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William Wordsworth
Complete Poetical Works

THE LAST OF THE FLOCK

Produced at the same time and for the same purpose. The incident occurred in the village of Holford, close by Alfoxden.

I

IN distant countries have I been,
And yet I have not often seen
A healthy man, a man full grown,
Weep in the public roads, alone.
But such a one, on English ground,
And in the broad highway, I met;
Along the broad highway he came,
His cheeks with tears were wet:
Sturdy he seemed, though he was sad;
And in his arms a Lamb he had.

II

He saw me, and he turned aside,
As if he wished himself to hide:
And with his coat did then essay
To wipe those briny tears away.
I followed him, and said, "My friend,
What ails you? wherefore weep you so?"
--"Shame on me, Sir! this lusty Lamb,
He makes my tears to flow.
To-day I fetched him from the rock;
He is the last of all my flock,

III

"When I was young, a single man,
And after youthful follies ran,
Though little given to care and thought,
Yet, so it was, an ewe I bought;
And other sheep from her I raised,
As healthy sheep as you might see;
And then I married, and was rich
As I could wish to be;
Of sheep I numbered a full score,
And every year increased my store.

IV

"Year after year my stock it grew;
And from this one, this single ewe,
Full fifty comely sheep I raised,
As fine a flock as ever grazed!
Upon the Quantock hills they fed;
They throve, and we at home did thrive:
--This lusty Lamb of all my store
Is all that is alive;
And now I care not if we die,
And perish all of poverty.

V

"Six Children, Sir! had I to feed;
Hard labour in a time of need!
My pride was tamed, and in our grief
I of the Parish asked relief.
They said, I was a wealthy man;
My sheep upon the uplands fed,
And it was fit that thence I took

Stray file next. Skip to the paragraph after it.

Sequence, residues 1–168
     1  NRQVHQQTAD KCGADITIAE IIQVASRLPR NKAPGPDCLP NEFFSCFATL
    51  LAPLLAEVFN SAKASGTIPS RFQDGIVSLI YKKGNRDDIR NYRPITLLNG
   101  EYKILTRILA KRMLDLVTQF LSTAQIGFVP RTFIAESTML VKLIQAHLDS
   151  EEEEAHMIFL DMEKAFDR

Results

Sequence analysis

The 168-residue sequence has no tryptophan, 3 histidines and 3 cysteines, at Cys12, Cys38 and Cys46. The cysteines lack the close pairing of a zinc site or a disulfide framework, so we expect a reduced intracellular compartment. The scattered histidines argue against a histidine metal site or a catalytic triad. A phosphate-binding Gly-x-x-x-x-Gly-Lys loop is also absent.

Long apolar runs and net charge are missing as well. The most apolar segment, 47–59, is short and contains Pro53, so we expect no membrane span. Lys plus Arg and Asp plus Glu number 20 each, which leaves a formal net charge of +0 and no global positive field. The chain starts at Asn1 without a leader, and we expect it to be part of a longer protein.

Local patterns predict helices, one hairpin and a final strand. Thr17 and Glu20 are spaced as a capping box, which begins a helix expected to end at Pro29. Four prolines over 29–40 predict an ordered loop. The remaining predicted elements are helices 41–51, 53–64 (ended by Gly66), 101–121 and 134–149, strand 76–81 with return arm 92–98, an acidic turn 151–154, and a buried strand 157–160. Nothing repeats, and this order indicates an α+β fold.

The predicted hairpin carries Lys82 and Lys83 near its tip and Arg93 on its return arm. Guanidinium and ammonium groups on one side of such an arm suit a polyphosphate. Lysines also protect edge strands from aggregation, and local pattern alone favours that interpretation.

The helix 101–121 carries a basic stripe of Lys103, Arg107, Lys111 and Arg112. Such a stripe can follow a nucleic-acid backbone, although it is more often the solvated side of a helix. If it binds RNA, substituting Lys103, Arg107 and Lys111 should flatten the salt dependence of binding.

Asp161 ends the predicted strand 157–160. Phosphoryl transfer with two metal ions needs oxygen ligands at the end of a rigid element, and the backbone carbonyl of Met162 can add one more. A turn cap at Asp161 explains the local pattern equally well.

Whereof to buy us bread.
'Do this: how can we give to you,'
They cried, 'what to the poor is due?'

VI

"I sold a sheep, as they had said,
And bought my little children bread,
And they were healthy with their food
For me--it never did me good.
A woeful time it was for me,
To see the end of all my gains,
The pretty flock which I had reared
With all my care and pains,
To see it melt like snow away--
For me it was a woeful day.

VII

"Another still! and still another!
A little lamb, and then its mother!
It was a vein that never stopped--
Like blood-drops from my heart they dropped.
'Till thirty were not left alive
They dwindled, dwindled, one by one
And I may say, that many a time
I wished they all were gone--
Reckless of what might come at last
Were but the bitter struggle past.

VIII

"To wicked deeds I was inclined,
And wicked fancies crossed my mind;
And every man I chanced to see,
I thought he knew some ill of me:
No peace, no comfort could I find,
No ease, within doors or without;
And, crazily and wearily
I went my work about;
And oft was moved to flee from home,
And hide my head where wild beasts roam.

IX

"Sir! 'twas a precious flock to me,
As dear as my own children be;
For daily with my growing store
I loved my children more and more.
Alas! it was an evil time;
God cursed me in my sore distress;
I prayed, yet every day I thought
I loved my children less;
And every week, and every day,
My flock it seemed to melt away.

X

"They dwindled, Sir, sad sight to see!
From ten to five, from five to three,
A lamb, a wether, and a ewe;--
And then at last from three to two;
And, of my fifty, yesterday
I had but only one:
And here it lies upon my arm,
Alas! and I have none;--
To-day I fetched it from the rock;
It is the last of all my flock."

1798.